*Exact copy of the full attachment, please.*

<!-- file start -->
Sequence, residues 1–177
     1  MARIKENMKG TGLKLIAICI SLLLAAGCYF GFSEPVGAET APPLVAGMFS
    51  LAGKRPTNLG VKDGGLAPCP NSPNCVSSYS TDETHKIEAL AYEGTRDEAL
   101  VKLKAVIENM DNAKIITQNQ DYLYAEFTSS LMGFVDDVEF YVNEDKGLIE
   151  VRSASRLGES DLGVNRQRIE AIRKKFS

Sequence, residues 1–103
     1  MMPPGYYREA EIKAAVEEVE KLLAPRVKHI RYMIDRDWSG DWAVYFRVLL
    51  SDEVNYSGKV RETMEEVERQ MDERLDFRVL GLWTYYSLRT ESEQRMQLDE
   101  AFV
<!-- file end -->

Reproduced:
Sequence, residues 1–177
     1  MARIKENMKG TGLKLIAICI SLLLAAGCYF GFSEPVGAET APPLVAGMFS
    51  LAGKRPTNLG VKDGGLAPCP NSPNCVSSYS TDETHKIEAL AYEGTRDEAL
   101  VKLKAVIENM DNAKIITQNQ DYLYAEFTSS LMGFVDDVEF YVNEDKGLIE
   151  VRSASRLGES DLGVNRQRIE AIRKKFS

Sequence, residues 1–103
     1  MMPPGYYREA EIKAAVEEVE KLLAPRVKHI RYMIDRDWSG DWAVYFRVLL
    51  SDEVNYSGKV RETMEEVERQ MDERLDFRVL GLWTYYSLRT ESEQRMQLDE
   101  AFV